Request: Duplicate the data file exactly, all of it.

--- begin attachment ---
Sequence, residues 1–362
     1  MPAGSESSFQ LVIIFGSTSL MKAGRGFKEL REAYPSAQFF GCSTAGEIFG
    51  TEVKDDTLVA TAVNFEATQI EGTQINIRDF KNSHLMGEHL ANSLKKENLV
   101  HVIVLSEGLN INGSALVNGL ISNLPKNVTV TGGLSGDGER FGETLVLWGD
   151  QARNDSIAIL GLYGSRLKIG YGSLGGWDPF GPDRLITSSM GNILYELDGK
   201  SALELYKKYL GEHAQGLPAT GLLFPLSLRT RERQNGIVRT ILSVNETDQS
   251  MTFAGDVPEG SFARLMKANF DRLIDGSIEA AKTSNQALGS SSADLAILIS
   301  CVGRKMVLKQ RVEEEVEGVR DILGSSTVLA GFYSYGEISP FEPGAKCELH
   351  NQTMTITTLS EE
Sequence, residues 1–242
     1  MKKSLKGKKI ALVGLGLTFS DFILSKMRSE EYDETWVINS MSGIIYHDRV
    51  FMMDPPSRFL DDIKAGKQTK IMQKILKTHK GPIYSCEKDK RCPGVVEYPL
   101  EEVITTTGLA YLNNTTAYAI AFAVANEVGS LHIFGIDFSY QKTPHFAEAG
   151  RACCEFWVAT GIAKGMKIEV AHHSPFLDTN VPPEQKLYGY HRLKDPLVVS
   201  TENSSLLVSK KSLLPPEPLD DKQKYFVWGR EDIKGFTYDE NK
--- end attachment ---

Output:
Sequence, residues 1–362
     1  MPAGSESSFQ LVIIFGSTSL MKAGRGFKEL REAYPSAQFF GCSTAGEIFG
    51  TEVKDDTLVA TAVNFEATQI EGTQINIRDF KNSHLMGEHL ANSLKKENLV
   101  HVIVLSEGLN INGSALVNGL ISNLPKNVTV TGGLSGDGER FGETLVLWGD
   151  QARNDSIAIL GLYGSRLKIG YGSLGGWDPF GPDRLITSSM GNILYELDGK
   201  SALELYKKYL GEHAQGLPAT GLLFPLSLRT RERQNGIVRT ILSVNETDQS
   251  MTFAGDVPEG SFARLMKANF DRLIDGSIEA AKTSNQALGS SSADLAILIS
   301  CVGRKMVLKQ RVEEEVEGVR DILGSSTVLA GFYSYGEISP FEPGAKCELH
   351  NQTMTITTLS EE
Sequence, residues 1–242
     1  MKKSLKGKKI ALVGLGLTFS DFILSKMRSE EYDETWVINS MSGIIYHDRV
    51  FMMDPPSRFL DDIKAGKQTK IMQKILKTHK GPIYSCEKDK RCPGVVEYPL
   101  EEVITTTGLA YLNNTTAYAI AFAVANEVGS LHIFGIDFSY QKTPHFAEAG
   151  RACCEFWVAT GIAKGMKIEV AHHSPFLDTN VPPEQKLYGY HRLKDPLVVS
   201  TENSSLLVSK KSLLPPEPLD DKQKYFVWGR EDIKGFTYDE NK